Maitland/AMO Guide to Election Night

by Razi Rahman | 12th December 2019

Voters in 650 constituencies are going to polls between 7am and 10pm today, while many others have already voted by post. The winning line for an overall majority is 326 seats.

In 2017 under Theresa May’s leadership the Conservatives won 317 seats, requiring them to seek a “confidence and supply” agreement with the DUP. However, this time the Conservatives have few potential partners for such an agreement, meaning that even narrowly falling short could put their ability to “Get Brexit Done” and possibly even Mr Johnson’s premiership in peril.

The stakes could not be higher, so what can we expect from election night?

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10 pm

The exit poll jointly commissioned by the BBC, ITV and Sky News is published as soon the polls close.  In recent elections the exit poll has been remarkably accurate, to within just a handful of seats.  This poll is more accurate than an opinion poll as the results are based on interviews outside 144 polling stations with people who have just cast their vote.  However, occasionally the exit poll can get it wrong, for example in 1992 wrongly predicting a hung parliament rather than a Conservative majority.

In the absence of any hard results in the first hour, expect to hear speculation on whether the exit poll is accurate (the truth is at this stage no-one will know), alongside pictures of people running into counting centres with ballot boxes.

11 pm

One of the features of UK elections is the race to be the first constituency to declare its result.  In recent elections (and in the referendum) this was a close race between Sunderland and Newcastle.  Returning officers for both Houghton and Sunderland South and Newcastle upon Tyne Central believe they can declare their results by 11pm.  These seats will almost certainly be held by Labour, but everyone will be looking at the swing from Labour to the Conservatives as an indicator of how the parties are likely to do in traditionally Labour areas.  This will also be the first indication of turnout across the country.


At this stage the results will be trickling in fairly slowly and we may only have a handful of declarations, mainly in Labour urban areas.  However, analysts will start to number-crunch these few results and combine it with the exit poll to update the national projections used by the broadcasters.  This will continue through the night and we should expect to hear greater levels of confidence about these projections once results start to come in from across the country.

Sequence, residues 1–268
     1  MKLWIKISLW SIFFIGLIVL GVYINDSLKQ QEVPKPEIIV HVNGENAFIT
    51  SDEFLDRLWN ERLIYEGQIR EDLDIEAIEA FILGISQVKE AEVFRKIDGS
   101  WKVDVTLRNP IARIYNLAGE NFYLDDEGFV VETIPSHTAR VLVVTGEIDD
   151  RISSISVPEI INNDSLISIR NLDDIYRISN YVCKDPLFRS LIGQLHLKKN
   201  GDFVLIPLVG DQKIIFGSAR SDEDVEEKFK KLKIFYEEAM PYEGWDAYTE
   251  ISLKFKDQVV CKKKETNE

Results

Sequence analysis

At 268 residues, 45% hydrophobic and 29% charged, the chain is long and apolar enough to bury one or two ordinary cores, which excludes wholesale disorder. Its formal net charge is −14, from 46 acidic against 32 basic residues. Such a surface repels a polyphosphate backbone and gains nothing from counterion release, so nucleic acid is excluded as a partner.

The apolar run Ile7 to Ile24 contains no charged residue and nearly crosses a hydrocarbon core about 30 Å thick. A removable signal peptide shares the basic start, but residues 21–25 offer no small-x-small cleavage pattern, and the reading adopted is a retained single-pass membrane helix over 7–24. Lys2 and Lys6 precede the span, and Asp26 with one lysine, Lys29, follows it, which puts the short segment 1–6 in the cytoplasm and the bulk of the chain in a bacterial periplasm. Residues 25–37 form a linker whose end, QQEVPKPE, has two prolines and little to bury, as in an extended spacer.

1 am

After a relatively quiet start to election night, we should get the first results from a number of marginal seats in this hour.

One to watch is Labour-held Workington, which attracted media attention after centre-right think tank Onward identified “Workington man” as the type of voter the Conservatives need to win over.  The Conservative Party needs a 5% swing to win this seat in the North West of England.  If they achieve this, the Conservatives will be confident of securing an overall majority, but if they fail to do so it may be some while before we can predict the final result.

An easier target for the Conservatives is Darlington, which has been Labour since 1992, but returned a Conservative MP during the Thatcher era.

The first Scottish seat to declare is expected to be Rutherglen & Hamilton West which was won narrowly by Labour in 2017. The SNP in second place and just 265 votes behind Labour, will hope to win it back, starting off what they hope will be a good night for the SNP in Scotland.

2 am

At this stage of the night we will probably have fewer than 50 out of 650 seats declared, but a fairly clear picture should be starting to emerge.  Party strategists will be getting feedback from counting centres around the country long before results are declared and unless things are very close, they will have a good sense of where things are going to end up.   In the next hour the pace of declarations speeds up noticeably, with a couple of results coming in every minute.